Someone should figure out how to bottle innocence. Once in a tightly sealed and hopefully decorative container, it should reside behind a glass shelf that reads in all red cap letters: IN CASE OF EMERGENCY, BREAK GLASS. Driving to my parents’ house usually brings my mind to way too many thoughts. It’s not a very long drive, but long enough and passes through enough traffic to make the mind wander.

Usually when I reach the town they live in, I’ve already relived high school. This usually means I’ve made the mistake of listening to the older pop/rock stations and heard something that reminded me of that time or this time with so and so and what’s-their-face. It becomes even a more sad affair when I decide to make a detour to one of the millions of local Sonics for a quick slush. Why? Because I usually pass my old high school. Or go down a street I had driven years ago to get back home, only it had a few less churches and strip malls then. I just start thinking…

Today I started thinking about innocence. And what, like I mentioned, would happen if I could drink such sweet nectar as our lost innocence in case of an emergency. My emergency would be to erase how technology has made communication so damn impersonal. Even though as you would figure it, technology should make things easier — more communicative. Easier, yes. More communicative, no. I’ve lost relationships via email. Lost them over the Web. Destroyed them in text messages. What happened to communication? The good old fashioned kind? I would settle for two soup cans and string if that would get me to it better. What happens when we get so advanced we forget humanity? Break out the label-makers because yes, you can label this as very idealist and sappy. But can you answer this question? Have you even thought about it?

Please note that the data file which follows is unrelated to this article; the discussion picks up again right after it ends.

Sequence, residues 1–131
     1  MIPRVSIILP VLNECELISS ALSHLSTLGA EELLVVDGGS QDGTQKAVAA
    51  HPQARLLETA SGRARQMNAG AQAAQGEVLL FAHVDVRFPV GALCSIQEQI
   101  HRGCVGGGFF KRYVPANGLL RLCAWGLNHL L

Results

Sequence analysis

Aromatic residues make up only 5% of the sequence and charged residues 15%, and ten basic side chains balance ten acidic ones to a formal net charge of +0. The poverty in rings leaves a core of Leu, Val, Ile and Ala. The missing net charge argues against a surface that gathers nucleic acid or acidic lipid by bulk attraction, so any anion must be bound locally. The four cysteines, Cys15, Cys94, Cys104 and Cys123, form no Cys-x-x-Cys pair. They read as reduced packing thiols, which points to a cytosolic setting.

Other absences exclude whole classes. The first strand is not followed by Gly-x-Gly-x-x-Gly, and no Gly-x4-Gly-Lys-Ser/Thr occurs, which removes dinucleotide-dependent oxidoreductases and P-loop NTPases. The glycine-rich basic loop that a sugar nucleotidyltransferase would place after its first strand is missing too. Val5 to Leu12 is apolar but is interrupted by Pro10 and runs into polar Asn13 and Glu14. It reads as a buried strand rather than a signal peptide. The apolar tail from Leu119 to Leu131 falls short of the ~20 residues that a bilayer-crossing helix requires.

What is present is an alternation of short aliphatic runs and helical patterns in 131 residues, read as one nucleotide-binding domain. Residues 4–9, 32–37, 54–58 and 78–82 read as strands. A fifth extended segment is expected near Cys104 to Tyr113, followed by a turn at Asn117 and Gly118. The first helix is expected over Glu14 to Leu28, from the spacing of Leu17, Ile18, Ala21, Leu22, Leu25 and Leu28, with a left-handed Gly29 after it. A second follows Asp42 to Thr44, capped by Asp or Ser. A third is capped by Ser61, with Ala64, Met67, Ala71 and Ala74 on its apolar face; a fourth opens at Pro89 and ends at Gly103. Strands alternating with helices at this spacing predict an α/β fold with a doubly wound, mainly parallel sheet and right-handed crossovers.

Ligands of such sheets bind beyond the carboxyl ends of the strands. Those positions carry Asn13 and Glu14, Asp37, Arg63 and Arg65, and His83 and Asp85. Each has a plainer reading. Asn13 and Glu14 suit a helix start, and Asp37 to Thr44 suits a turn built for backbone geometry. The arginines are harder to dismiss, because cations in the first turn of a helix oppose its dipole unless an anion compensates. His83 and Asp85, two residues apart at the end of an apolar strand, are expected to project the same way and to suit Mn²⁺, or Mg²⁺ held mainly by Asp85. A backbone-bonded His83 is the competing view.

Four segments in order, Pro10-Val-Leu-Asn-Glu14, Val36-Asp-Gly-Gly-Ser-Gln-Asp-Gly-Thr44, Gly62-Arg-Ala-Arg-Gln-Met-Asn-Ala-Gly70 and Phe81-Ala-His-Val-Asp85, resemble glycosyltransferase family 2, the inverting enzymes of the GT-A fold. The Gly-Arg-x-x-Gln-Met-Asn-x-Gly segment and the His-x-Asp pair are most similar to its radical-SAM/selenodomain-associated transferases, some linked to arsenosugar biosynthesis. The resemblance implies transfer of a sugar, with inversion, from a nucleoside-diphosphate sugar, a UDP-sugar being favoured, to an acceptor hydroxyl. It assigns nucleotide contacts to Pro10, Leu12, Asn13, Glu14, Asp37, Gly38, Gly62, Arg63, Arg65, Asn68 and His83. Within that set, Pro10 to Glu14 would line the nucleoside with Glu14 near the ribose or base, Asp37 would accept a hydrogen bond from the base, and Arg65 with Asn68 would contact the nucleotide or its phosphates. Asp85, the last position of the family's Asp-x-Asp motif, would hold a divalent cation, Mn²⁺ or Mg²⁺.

Not only that, things get misinterpreted all the time when they aren’t said. For example a recent text I got from a guy who is trying to get back in my life (not sure if I’m really into that idea anymore) said something about “no strings attached.” Upon closer reading I realized he meant that comment on his end not mine. He meant, “Just let me take you to dinner, no strings attached.” I had to re-read this because there was a misplaced comma but it might as well be passivity in language, lack of spell check…things just get lost. The same can be said when you are angry. Once you have sent that message it’s gone and more than likely you will not get a chance to explain yourself verbally, in person or with those soup cans.

We rely so much on things that aren’t breathing. Somewhere we lost our bottle of innocence. The essence of what is pure. Our youth. We have grown so old and above ourselves. We put the gospel on the words we read on little LCD screens, monitors — the underside of your flip phone. There is no second story or forgiveness once it’s all out there. There is no discussion. Well, there is this forum of communication — blogging. We use our blogs as an open dialog stream of consciousness where everyone can come in and have their say. We use our blog as a reciprocal place to meet wits. But even this wonderful vein of technology can only mimic the real thing. In the end there is just no comparison to the spoken word. It came first. It is the skeleton of it all. The point of it all. I only hope it doesn’t get buried in pixels, bytes and coding!